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Use the winter to plan for your rain garden


With the Detroit Department of Water and Sewerage bringing on new stormwater drainage fees, a lot of people are looking into ways to get credits for rainwater mitigation on their properties. One easy and beautiful thing that you can do is to create a rain garden.

Rain gardens have come into vogue in the last few years as a way to keep water from inundating local waterways and sewer systems, which can cause problems with flooding and pollution when combined sewer systems overflow. These gardens also usually feature native flowering plants that provide a beautiful color palette and provide food and habitat for birds and insects.

Rain gardens are built by digging a shallow depression that collects water from a downspout or off of a paved surface. They are often planted with a well-drained soil mix containing sand, topsoil and compost. The native plants employed have deep roots that create further channels into the ground to help keep it out of sewers, basements and other places where it’s not wanted. 

Winter is an excellent time to plan next year’s rain garden. Think about where you might want to have a new garden, making sure that it’s at least ten feet away from the house. The garden doesn’t have to be that big to absorb most of the water from your roof. However, people usually build their gardens to be at least 150 to 200 square feet, so they are big enough to make a visual statement in the landscape.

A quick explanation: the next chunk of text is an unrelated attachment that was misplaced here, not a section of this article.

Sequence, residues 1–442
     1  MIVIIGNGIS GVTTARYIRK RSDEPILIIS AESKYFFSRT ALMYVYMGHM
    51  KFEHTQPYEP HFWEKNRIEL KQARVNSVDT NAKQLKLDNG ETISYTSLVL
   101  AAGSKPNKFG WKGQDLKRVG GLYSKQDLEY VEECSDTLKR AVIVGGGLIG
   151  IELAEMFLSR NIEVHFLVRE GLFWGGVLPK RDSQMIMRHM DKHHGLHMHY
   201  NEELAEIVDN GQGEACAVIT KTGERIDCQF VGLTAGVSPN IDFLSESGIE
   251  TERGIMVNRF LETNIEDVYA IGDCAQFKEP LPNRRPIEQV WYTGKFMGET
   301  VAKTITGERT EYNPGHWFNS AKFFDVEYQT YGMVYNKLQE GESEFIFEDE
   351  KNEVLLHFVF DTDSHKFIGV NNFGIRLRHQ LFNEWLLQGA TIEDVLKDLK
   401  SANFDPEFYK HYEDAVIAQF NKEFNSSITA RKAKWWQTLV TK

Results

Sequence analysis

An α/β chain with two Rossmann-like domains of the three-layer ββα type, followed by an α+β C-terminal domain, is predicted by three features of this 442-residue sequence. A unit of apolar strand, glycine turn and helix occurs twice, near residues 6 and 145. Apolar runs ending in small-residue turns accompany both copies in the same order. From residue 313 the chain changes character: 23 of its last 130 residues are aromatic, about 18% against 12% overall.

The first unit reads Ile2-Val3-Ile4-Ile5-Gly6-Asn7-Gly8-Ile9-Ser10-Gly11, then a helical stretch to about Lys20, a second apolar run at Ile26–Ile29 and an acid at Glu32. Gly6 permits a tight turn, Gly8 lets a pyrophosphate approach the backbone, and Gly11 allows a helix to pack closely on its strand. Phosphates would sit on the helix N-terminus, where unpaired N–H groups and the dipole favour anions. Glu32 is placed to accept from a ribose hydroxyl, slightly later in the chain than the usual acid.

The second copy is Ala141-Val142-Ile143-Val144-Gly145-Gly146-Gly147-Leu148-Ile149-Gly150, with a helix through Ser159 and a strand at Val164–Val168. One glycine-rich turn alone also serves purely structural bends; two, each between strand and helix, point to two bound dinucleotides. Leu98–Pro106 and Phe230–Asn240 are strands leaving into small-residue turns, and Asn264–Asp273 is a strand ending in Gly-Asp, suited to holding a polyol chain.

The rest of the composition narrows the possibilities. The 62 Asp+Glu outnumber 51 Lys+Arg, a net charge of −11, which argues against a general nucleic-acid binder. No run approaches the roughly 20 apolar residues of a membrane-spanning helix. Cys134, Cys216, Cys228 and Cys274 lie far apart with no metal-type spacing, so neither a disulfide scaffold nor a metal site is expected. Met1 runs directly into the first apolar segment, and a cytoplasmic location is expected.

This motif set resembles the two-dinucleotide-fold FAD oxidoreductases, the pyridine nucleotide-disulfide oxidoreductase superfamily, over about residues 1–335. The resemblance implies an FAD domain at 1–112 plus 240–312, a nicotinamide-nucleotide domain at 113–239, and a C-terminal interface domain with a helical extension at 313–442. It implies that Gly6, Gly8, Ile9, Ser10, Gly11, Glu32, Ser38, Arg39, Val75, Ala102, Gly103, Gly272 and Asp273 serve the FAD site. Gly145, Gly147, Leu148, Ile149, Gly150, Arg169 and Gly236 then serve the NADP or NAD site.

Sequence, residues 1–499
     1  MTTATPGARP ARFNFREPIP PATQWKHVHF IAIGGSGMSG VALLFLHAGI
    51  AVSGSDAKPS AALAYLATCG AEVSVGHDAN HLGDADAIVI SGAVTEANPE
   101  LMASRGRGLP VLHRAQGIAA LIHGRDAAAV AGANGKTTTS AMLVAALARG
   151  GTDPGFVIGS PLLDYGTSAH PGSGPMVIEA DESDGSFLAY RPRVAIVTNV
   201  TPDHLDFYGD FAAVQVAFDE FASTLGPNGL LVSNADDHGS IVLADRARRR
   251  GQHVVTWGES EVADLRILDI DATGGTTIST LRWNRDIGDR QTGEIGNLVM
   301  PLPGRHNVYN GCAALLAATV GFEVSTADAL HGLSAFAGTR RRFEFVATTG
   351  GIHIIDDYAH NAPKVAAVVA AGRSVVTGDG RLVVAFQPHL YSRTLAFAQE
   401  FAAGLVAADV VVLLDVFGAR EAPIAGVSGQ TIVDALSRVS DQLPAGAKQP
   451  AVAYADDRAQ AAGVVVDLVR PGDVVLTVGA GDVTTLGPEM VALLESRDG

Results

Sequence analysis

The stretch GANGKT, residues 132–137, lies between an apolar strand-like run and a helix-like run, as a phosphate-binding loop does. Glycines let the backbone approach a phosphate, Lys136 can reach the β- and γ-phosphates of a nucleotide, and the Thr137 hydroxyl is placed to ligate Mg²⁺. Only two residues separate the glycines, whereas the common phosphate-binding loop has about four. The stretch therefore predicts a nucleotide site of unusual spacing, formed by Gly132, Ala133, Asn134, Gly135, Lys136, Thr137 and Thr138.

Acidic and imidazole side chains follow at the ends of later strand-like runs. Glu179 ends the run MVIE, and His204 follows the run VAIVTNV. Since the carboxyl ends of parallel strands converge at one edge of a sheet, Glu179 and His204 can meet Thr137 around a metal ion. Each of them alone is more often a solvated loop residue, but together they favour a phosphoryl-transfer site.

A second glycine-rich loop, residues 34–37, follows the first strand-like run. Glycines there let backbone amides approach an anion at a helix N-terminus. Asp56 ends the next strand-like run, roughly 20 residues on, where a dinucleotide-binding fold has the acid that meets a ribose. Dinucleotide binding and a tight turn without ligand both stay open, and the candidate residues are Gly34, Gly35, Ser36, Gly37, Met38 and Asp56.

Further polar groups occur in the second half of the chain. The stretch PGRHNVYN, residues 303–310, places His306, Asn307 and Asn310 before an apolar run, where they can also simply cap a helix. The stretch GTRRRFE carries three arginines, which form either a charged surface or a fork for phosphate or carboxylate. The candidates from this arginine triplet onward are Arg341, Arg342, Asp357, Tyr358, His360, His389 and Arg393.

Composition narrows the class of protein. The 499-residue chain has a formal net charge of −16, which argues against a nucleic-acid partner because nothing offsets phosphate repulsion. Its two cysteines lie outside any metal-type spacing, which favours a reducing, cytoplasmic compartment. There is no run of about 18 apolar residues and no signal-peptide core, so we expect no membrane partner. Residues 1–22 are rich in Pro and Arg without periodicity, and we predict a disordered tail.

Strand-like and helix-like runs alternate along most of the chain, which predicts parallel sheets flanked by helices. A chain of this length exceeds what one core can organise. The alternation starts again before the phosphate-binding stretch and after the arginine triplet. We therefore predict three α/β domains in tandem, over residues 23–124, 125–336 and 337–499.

Use a garden hose to test possible shapes for the garden. From there, take a measurement of the area taken up by the hose and transpose it to a rough scale drawing. Using graph paper can help with this process.
 
Here is a list of plants for use in rain gardens. Plants that are most tolerant of standing water should be placed at the center of the garden. When planning the garden follow basic design rules. Clump perennials and smaller plants in groups of three or more, aim for a variety of leaf texture and flower color and, if possible, select plants that bloom at different times to create continuous interest.
 
Once you have dug or mechanically excavated the depression for your rain garden, you will need to add soil, plants and then mulch. Use the winter to get quotes on prices for materials from local retailers. Also keep an eye out for help from local organizations like the Friends of the Rouge and Keep Growing Detroit’s  “Rain Gardens to the Rescue” program and contact friends and neighbors who may be able to help out. 
 
The result will be a win-win-win garden that is good for your yard, your pocketbook and the health of your local waterways and the Great Lakes. 

This story is part of a series on measuring on the role of green infrastructure projects in Detroit's redevelopment. Support for this series is provided by the Erb Family Foundation to Greening of Detroit, Model D, and The Nature Conservancy. Read more articles from the series here.

Read more articles by Brian Allnutt.

Brian Allnutt is a Detroit-based writer and a co-owner of Detroit Farm and Garden.
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